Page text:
Noticing Small Change Early Helps Adapt To Bigger Change That Are To Come
By now, Haw had let go of the past and was adapting to the present.
He continued on through the Maze with greater strength and speed. And before long, it happened.
When it seemed that he had been in the Maze forever, his journey -- or at least this part of his journey -- ended quickly and happily.
Haw proceeded along a corridor that was new to him, rounded a corner, and found New Cheese at Cheese Station N!
When he went inside, he was startled by what he saw. Piled high everywhere was the greatest supply of Cheese he had ever seen. He didn't recognize all that he saw, as some kinds of Cheese were new to him.
Then he wondered for a moment whether it was real or just his imagination, until he saw his old friends Sniff and Scurry.
Sniff welcomed Haw with a nod of his head, and Scurry waved his paw. Their fat little bellies showed that they had been here for some time.
Haw quickly said his hellos and soon took bites of every one of his favorite Cheeses. He pulled off his shoes, tied the laces together, and hung them around his neck in case he needed them again. Sniff and Scurry laughed. They nodded their heads in admiration. Then Haw jumped into the New Cheese. When he had eaten his fill, he lifted a piece of fresh Cheese and made a toast. "Hooray for Change!"
As Haw enjoyed the New Cheese, he reflected on what he had learned.
He realized that when he had been afraid to change he had been holding on to the illusion of Old Cheese that was no longer there.
So what was it that made him change? Was it the fear of starving to death? Haw smiled as he thought it certainly helped.
Then he laughed and realized that he had started to change as soon as he had learned to laugh at himself and at what he had been doing wrong. He realized the fastest way to change is to laugh at your own folly -- then you can let go and quickly move on.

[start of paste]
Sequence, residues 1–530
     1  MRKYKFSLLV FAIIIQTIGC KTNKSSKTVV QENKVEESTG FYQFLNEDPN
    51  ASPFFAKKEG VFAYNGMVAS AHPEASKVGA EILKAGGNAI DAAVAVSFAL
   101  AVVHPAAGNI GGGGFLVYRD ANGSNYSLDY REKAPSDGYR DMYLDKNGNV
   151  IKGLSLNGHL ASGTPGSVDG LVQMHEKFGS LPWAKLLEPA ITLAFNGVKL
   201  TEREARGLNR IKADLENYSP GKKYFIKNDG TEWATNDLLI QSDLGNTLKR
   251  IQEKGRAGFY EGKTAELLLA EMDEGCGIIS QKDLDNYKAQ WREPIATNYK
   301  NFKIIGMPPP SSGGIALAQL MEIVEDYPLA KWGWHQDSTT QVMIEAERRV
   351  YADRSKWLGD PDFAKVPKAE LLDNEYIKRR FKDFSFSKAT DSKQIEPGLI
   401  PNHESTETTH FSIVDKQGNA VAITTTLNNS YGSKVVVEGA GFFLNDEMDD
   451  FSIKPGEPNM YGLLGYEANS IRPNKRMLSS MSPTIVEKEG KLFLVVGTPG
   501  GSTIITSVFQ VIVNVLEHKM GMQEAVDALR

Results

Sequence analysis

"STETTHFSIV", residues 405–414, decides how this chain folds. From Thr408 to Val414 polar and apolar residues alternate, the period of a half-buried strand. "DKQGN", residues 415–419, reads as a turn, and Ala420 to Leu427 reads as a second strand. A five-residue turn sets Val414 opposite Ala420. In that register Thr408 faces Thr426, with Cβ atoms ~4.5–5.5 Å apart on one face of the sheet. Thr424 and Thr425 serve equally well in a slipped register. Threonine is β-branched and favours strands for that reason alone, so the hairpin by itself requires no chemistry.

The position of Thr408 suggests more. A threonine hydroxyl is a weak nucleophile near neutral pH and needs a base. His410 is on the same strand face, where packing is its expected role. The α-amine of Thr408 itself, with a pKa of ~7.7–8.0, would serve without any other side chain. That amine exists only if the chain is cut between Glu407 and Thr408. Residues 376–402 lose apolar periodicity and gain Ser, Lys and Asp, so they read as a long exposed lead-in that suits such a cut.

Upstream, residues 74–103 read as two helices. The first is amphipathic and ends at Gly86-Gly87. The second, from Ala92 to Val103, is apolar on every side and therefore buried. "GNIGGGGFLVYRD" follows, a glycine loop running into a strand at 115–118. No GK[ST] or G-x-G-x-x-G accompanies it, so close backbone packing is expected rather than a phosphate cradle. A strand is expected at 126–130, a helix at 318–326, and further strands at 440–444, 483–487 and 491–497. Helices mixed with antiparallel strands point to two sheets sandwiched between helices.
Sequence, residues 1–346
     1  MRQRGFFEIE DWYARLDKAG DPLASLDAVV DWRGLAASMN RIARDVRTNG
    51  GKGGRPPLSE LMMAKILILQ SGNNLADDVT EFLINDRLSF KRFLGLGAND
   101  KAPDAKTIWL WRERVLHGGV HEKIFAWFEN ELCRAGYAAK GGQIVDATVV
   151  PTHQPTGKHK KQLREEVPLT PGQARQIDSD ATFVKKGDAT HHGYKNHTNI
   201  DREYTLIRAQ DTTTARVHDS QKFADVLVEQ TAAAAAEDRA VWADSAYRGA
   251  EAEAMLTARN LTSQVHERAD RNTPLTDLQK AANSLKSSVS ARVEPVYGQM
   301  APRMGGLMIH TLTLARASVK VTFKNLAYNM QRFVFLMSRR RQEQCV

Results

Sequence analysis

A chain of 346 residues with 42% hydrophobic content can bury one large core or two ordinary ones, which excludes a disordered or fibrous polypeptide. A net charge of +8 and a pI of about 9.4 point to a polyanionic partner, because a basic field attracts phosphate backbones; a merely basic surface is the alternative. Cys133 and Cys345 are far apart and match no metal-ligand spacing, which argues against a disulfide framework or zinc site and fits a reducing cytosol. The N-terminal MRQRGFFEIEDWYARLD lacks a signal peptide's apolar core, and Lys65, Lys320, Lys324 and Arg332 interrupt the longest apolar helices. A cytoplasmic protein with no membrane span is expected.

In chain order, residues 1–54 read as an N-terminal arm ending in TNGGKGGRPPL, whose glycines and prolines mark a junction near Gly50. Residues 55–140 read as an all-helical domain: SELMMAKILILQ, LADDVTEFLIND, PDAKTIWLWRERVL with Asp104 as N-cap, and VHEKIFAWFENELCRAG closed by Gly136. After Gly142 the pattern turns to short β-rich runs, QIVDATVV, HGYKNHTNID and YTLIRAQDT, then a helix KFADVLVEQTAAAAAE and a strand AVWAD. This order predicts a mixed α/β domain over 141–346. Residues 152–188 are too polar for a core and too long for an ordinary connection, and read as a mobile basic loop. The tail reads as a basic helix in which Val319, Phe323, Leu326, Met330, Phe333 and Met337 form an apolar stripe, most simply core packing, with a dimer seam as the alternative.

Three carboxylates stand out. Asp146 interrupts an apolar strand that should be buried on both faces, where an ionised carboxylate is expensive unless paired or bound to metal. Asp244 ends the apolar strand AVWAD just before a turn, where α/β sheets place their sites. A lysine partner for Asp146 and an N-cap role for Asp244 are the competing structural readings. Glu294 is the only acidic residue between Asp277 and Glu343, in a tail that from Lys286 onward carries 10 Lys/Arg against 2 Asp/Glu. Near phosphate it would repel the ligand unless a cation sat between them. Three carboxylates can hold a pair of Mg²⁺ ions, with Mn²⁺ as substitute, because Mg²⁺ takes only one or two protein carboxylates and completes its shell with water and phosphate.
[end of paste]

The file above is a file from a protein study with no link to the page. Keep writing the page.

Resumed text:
He knew he had learned something useful about moving on from his mice friends, Sniff and Scurry. They kept life simple. They didn't overanalyze or overcomplicate things. When the situation changed and the Cheese had been moved, they changed and moved with the Cheese. He would remember that.
Haw had also used his wonderful brain to do what little people do better than mice.
He envisioned himself -- in realistic detail -finding something better -- much better.
He reflected on the mistakes he had made in the past and used them to plan for his future. He knew that you could learn to deal with change.
You could be more aware of the need to keep things simple, be flexible, and move quickly. You did not need to overcomplicate matters or confuse yourself with fearful beliefs.
You could notice when the little changes began so that you would be better prepared for the big change that might be coming.
He knew he needed to adapt faster, for if you do not adapt in time, you might as well not adapt at all.
He had to admit that the biggest inhibitor to change lies within yourself, and that nothing gets better until you change.
Perhaps most importantly, he realized that there is always New Cheese out there, whether you recognize it at the time or not, and that you are rewarded with it when you go past your fear and enjoy the adventure.
He knew some fear should be respected, as it can keep you out of real danger. But he realized most of his fears were irrational and had kept him from changing when he needed to.
He hadn't liked it at the time, but he knew that the change had turned out to be a blessing in disguise, as it had led him to find better Cheese.
He had even found a better part of himself.
As Haw recalled what he had learned, he thought about his friend Hem. He wondered if Hem had read any of the sayings Haw had written on the wall at Cheese Station C and throughout the Maze.
Had Hem ever decided to let go and move on? Had he ever entered the Maze and discovered what could make his life better?Or was Hem still hemmed in because he would not change?
Haw thought about going back again to Cheese Station C to see if he could find Hem -- assuming that Haw could find his way back there. If he found Hem, he thought he might be able to show him how to get out of his predicament. But Haw realized that he had already tried to get his friend to change.
Hem had to find his own way, beyond his comforts and past his fears. No one else could do it for him, or talk him into it. He somehow had to see the advantage of changing himself.
Haw knew he had left a trail for Hem and that he could find his way, if he could just read The Handwriting On The Wall.
He went over and wrote down a summary of what he had learned on the largest wall of Cheese Station N. He drew a large piece of cheese around all the insights he had become aware of; and smiled as he looked at what he had learned: